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Can Sea Turtles Cope with Climate Change?

Adult male turtles may become less abundant as the climate warms, but the population sizes may actually increase because they breed more often than females. Credit: Kostas Papafitsoros

Adult male turtles may become less abundant as the climate warms, but the population sizes may actually increase because they breed more often than females. Credit: Kostas Papafitsoros

By Jacques-Olivier Laloë & Graeme Hays

Rising temperatures due to climate change are skewing gender ratios among turtles and increasing the mortality rate of hatchlings. Can they adapt?

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It is now widely accepted that warming temperatures are having profound impacts on a range of ecosystems and animal populations. Reptiles are particularly at risk because much of their physiology is intimately linked to temperature. Most reptiles are cold-blooded, with their body temperature driven by the external temperature.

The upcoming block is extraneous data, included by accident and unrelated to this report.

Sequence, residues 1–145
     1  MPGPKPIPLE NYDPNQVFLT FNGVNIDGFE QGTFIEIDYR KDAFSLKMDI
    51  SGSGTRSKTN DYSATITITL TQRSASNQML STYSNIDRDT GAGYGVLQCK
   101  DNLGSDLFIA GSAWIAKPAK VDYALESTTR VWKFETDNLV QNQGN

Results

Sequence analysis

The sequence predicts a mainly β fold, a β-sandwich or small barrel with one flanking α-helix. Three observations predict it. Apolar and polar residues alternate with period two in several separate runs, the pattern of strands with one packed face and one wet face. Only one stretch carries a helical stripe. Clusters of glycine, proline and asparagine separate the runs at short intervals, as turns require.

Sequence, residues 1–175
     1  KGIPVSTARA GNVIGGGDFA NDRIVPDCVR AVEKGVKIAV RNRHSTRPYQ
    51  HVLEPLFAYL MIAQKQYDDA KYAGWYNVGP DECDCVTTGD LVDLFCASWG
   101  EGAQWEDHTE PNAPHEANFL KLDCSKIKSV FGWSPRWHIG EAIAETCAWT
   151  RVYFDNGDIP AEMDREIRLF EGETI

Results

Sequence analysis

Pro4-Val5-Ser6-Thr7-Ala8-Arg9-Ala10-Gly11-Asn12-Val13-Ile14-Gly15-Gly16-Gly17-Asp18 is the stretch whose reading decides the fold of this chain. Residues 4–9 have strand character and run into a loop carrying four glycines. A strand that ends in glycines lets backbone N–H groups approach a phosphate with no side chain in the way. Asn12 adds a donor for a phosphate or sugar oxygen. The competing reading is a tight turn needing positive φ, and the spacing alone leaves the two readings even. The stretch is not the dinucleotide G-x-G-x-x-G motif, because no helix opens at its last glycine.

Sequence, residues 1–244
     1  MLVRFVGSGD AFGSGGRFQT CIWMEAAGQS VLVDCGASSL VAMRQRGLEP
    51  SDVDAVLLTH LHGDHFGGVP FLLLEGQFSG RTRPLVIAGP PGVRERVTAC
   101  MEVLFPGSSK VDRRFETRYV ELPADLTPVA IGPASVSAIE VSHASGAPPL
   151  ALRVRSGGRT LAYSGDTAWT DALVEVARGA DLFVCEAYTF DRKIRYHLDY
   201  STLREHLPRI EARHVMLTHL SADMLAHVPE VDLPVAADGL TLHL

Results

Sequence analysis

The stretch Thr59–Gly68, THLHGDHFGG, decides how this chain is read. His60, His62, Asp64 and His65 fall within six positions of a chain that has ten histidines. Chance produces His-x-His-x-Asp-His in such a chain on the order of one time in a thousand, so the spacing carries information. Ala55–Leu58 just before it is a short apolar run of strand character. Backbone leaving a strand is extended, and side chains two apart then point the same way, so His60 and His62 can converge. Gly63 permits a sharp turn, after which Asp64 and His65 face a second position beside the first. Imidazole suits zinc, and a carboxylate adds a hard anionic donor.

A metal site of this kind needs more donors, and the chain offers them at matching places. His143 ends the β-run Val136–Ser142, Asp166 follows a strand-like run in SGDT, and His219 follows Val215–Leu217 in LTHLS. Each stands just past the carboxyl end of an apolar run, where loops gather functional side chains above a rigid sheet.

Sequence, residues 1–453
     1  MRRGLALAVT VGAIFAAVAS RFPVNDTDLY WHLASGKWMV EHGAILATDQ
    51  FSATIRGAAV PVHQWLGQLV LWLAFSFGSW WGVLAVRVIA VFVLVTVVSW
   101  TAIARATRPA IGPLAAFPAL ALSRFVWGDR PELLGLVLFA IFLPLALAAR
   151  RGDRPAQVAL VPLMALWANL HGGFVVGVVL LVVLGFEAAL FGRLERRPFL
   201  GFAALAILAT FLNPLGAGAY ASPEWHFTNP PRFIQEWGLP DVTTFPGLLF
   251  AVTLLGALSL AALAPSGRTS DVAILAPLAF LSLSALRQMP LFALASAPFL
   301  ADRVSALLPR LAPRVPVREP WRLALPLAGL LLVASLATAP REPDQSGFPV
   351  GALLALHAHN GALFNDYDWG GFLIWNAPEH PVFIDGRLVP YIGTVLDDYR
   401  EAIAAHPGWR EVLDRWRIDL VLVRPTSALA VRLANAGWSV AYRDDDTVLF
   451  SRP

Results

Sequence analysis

Many reptiles also exhibit temperature-dependent sex determination (TSD), whereby the sex of an individual is determined not by genetics but by the incubation temperature of the developing eggs. In these species, when an egg is laid the developing embryo has no gender – it can develop into either a male or a female depending on the incubation temperature.

Sea turtles undergo TSD, with low incubation temperatures leading to the production of males and high temperatures resulting in females. Therefore, in the context of climate change, there are concerns that warming global temperatures might produce single-sex sea turtle populations and lead to the extinction of turtle species.

Since many sea turtle populations are already endangered, this topic has attracted major scientific and international attention, and in recent years there have been many breakthroughs in this field of research.

Female-Biased Populations

The discovery of TSD in sea turtles generated huge scientific interest in the 1980s. Soon, scientists...

The full text of this article can be purchased from Informit.